Two members out of Italian public broadcaster Rai's five-member board have resigned, throwing the TV platform into a new state of disarray.

The two members who stepped down on Wednesday are Carmine Donzelli, a publisher, and Luigi Zanda, a lawyer. They were the only two representatives of the centre-left on the board, which is otherwise made up of allies of Silvio Berlusconi's ruling centre-right coalition.

Donzelli and Zanda cited a "lack of pluralism" as the reason for their resignation. "The behaviour of the actual managment risks compromising the strength of Rai, including its production and economic continuity.

"This crisis regards a lack of guarantee of pluralism and freedom of information," they said, pointing to Michele Santoro and Enzo Biagi, two leading RAI presenters whose contracts were not renewed after Silvio Berlusconi publicly criticised them last February for having made a "criminal" use of state-run television.

Santoro, Biagi and satirical comic Daniele Luttazzi were all critical of the premier during the run-up to the May 2001 national elections. Last February, when Berlusconi was asked whether his comments meant the three should lose their jobs, he said, "If they change, I have nothing against them. But since they won't'"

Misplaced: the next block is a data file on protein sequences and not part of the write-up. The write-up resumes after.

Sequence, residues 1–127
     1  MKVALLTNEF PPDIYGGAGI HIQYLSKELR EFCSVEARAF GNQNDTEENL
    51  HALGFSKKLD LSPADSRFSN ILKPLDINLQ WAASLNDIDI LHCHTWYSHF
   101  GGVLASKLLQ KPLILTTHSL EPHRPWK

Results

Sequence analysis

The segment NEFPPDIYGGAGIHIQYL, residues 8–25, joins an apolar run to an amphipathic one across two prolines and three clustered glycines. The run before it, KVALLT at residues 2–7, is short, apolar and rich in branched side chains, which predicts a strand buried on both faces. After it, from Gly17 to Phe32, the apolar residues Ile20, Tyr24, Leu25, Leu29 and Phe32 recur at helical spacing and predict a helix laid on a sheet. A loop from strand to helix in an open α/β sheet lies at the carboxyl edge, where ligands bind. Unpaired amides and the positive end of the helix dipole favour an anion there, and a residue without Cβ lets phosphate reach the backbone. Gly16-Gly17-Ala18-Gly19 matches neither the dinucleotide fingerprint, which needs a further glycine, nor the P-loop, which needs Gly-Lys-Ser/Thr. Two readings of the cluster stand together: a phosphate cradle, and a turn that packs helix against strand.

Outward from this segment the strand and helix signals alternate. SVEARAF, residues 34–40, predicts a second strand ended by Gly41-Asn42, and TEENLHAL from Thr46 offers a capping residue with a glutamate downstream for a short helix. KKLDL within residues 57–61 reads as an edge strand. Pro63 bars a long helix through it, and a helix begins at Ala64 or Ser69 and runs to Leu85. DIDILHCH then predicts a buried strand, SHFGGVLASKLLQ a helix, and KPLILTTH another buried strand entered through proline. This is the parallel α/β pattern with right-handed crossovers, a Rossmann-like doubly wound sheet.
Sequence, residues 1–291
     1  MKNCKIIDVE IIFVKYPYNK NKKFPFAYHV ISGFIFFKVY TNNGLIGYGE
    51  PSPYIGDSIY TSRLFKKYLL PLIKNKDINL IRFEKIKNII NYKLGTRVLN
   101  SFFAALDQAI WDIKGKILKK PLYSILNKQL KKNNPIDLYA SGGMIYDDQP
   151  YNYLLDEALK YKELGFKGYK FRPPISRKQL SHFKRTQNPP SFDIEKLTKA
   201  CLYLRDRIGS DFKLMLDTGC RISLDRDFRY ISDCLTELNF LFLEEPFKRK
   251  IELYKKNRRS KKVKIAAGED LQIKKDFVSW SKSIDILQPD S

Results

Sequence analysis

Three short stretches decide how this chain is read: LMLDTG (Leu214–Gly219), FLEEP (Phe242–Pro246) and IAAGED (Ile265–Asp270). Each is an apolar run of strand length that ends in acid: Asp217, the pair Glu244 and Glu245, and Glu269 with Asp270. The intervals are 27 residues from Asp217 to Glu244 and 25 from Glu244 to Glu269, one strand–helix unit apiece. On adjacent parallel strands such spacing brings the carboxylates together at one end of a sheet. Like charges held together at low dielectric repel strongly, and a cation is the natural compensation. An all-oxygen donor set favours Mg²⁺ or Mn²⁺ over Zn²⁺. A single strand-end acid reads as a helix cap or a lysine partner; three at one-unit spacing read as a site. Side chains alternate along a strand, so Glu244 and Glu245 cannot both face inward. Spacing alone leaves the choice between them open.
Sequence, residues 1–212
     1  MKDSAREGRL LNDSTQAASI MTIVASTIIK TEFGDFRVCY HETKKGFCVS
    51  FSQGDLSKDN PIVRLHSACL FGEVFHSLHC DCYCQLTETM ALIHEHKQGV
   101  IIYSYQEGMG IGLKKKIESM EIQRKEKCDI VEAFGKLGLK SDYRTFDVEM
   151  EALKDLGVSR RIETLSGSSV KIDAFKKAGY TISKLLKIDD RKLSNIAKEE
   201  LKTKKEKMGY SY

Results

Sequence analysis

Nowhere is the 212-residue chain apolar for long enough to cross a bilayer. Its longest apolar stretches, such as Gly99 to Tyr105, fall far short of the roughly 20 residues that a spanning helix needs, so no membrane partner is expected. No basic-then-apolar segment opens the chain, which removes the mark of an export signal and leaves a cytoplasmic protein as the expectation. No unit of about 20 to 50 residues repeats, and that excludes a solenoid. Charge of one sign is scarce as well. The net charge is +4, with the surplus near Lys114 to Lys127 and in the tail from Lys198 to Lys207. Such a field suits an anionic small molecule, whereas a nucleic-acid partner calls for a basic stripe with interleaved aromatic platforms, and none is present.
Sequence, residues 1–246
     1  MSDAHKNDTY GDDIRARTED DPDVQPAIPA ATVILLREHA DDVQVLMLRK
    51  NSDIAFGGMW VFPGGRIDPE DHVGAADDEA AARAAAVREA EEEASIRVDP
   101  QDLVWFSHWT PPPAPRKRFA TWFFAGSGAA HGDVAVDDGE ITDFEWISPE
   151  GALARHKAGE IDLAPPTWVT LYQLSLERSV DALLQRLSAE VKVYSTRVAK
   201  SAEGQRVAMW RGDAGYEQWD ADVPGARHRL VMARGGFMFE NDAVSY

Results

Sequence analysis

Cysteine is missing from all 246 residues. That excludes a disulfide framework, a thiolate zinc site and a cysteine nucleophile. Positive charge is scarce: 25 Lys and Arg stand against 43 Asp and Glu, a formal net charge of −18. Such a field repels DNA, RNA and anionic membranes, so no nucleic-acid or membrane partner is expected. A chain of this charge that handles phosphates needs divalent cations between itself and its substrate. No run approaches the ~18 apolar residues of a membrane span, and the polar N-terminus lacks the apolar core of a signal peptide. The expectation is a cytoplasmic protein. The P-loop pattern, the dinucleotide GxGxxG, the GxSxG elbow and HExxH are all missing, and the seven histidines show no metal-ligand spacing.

His comments provoked criticism even from some of his staunchest defenders.

In recent months, RAI has come under increasing pressure to defend its decision not to renew Santoro and Biagi's prime-time contracts on its leading channels and its failure to maintain even promises of late night slots on the left-leaning RAI3.

In their letter of resignation, Donzelli and Zanda criticised equally the poor quality of Rai programmes as well as the "badly-handled appointments of new programming and TV drama directors."

New appointments are said to have been delayed amid internal and political in-fighting.

"In the meantime, tens of debatable appointments continue to fuel the suspicion of a conflict of interest," they said of Rai, whose board of directors was appointed by the government of Berlusconi who also owns Rai's only rival, Mediaset.

The board of Rai's film unit, Rai Cinema, is also up for renewal at the end of November.